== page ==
I have wanted to do some form of both dancing and music for two or three years, but couldn’t find anything suitable in terms of my abilities (limited when it comes to dancing!) and time available – until late last year when I saw a ladies morris group out dancing. It was just one of those times when I knew instantly that that was what I wanted to do, and by January circumstances meant I was able to join the group and have my first evening out by myself since having M. Amazing, and utterly perfect for me! As a result I have been very busy over the past few months practising polka steps, learning the dances, and sewing the required costume – leaving less time for all the other things I would love to do, and even need to do, like housework and gardening. It has once again proved to me that I can manage whatever I want to provided I focus all my energies in that direction – but only just! Hence a few late blog posts recently, besides other things.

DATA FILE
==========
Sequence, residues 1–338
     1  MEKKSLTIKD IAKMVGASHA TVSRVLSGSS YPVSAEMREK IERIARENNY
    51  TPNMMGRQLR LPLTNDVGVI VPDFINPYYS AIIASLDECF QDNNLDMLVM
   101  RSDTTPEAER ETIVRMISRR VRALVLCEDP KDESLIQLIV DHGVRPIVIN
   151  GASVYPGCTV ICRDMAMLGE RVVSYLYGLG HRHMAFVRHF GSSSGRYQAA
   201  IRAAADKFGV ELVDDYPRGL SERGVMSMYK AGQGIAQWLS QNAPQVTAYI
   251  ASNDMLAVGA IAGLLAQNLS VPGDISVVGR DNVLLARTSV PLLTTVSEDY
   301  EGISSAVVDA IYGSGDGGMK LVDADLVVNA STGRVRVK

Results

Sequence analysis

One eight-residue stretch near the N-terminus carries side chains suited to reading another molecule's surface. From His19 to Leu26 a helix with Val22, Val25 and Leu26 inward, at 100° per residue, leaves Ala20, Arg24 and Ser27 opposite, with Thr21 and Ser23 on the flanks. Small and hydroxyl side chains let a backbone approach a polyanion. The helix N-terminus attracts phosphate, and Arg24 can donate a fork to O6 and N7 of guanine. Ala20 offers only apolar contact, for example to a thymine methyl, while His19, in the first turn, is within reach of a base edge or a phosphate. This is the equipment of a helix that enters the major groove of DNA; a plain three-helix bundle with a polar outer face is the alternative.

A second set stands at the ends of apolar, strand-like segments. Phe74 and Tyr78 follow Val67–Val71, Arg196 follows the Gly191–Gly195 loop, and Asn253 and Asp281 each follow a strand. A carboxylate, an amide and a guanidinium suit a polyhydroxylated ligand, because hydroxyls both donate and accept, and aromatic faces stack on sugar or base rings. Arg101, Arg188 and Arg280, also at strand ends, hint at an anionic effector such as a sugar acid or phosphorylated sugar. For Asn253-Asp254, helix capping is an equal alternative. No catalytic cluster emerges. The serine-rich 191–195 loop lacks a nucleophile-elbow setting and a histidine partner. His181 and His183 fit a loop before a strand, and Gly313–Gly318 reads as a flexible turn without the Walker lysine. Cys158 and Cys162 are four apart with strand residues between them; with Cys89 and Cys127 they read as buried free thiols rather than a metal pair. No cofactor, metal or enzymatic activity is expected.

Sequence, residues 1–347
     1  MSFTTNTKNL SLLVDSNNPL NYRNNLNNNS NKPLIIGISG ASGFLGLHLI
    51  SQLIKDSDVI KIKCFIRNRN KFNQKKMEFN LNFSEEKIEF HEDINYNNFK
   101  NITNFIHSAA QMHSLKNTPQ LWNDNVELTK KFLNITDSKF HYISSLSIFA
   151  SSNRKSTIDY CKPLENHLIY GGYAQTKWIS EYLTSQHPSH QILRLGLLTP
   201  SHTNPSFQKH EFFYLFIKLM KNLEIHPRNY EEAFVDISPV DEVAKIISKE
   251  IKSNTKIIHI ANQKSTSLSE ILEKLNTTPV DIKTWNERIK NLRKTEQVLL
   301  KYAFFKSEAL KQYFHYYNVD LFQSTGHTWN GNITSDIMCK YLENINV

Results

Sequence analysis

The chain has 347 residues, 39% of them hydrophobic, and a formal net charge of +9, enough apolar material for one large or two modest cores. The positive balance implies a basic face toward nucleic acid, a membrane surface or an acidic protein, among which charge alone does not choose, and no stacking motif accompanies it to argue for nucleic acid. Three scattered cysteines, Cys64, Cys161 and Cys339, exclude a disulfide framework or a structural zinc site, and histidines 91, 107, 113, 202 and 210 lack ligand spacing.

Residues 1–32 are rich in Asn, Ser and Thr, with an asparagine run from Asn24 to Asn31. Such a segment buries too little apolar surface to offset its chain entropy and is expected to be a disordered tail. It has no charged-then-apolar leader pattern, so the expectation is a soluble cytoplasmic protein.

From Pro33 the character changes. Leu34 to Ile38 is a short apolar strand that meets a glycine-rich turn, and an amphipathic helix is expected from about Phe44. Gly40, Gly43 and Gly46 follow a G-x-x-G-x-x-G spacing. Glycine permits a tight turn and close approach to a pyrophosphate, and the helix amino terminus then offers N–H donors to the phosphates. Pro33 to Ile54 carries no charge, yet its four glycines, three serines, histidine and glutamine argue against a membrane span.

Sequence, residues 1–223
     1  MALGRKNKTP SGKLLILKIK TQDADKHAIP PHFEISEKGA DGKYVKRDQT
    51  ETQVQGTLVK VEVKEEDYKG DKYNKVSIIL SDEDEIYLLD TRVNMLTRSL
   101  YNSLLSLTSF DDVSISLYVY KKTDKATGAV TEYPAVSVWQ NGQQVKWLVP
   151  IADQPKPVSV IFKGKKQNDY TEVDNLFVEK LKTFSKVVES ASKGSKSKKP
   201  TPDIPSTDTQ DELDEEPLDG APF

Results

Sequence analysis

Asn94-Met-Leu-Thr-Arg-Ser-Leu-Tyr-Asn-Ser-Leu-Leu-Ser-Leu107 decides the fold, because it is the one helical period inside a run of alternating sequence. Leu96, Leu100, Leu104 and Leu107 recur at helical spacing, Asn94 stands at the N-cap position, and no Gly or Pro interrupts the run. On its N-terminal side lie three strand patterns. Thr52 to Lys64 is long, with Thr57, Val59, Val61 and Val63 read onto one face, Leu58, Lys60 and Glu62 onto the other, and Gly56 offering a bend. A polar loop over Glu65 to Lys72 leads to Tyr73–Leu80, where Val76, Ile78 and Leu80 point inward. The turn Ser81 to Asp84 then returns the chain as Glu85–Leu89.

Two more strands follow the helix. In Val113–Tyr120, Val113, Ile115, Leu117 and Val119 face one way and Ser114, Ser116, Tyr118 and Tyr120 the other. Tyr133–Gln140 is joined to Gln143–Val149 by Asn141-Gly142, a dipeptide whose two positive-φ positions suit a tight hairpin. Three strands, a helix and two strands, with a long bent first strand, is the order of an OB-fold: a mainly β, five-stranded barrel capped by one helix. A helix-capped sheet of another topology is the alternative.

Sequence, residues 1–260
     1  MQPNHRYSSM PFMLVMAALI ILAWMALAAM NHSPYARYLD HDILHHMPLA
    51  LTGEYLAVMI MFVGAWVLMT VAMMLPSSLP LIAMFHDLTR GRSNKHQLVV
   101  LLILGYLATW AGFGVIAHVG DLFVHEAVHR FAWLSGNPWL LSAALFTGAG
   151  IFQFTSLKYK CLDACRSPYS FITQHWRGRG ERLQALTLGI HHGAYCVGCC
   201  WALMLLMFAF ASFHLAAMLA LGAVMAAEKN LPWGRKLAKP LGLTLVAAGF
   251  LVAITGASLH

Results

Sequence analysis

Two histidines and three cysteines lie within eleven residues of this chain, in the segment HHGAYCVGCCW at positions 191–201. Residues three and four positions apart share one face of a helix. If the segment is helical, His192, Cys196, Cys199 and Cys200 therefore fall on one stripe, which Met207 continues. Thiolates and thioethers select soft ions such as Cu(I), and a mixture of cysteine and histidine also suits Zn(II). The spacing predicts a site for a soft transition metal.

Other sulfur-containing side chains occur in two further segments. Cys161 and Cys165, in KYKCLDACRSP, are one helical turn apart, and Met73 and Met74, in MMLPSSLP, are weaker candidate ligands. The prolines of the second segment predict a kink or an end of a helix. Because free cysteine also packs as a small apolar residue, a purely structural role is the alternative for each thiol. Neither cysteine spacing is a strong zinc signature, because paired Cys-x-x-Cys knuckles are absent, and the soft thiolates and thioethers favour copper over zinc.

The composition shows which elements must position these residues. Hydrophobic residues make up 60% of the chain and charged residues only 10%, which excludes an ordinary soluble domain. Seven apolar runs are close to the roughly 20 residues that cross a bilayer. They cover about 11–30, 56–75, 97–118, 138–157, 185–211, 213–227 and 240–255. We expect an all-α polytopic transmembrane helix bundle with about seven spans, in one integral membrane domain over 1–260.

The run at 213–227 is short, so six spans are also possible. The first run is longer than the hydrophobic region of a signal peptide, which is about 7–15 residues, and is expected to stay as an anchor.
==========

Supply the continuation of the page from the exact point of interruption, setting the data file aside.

The difficulties I faced were frequently unexpected. To begin with, all went smoothly. Realising I was serious about joining the group, and that the only ‘spare’ skirt wouldn’t fit me (kit normally being returned when dancers leave), extra fabric was purchased and I was handed a bag and a roll of fabric, a greaseproof paper pattern for the skirt in size 20ish, and the spare skirt to copy. Purchasing ribbon to match was my responsibility – and at that point my problems started. Three shops later, I found a colour that was close although not exact and either too narrow or too wide. They were able to order some for me, for collection the following week. Sorting the pattern was another major challenge, since the skirt has 8 flared gussets to be fitted and a flat waist. I can’t even guarantee my waist will be the same size in three months time with all this dancing, so I have to find a way of making it adjustable…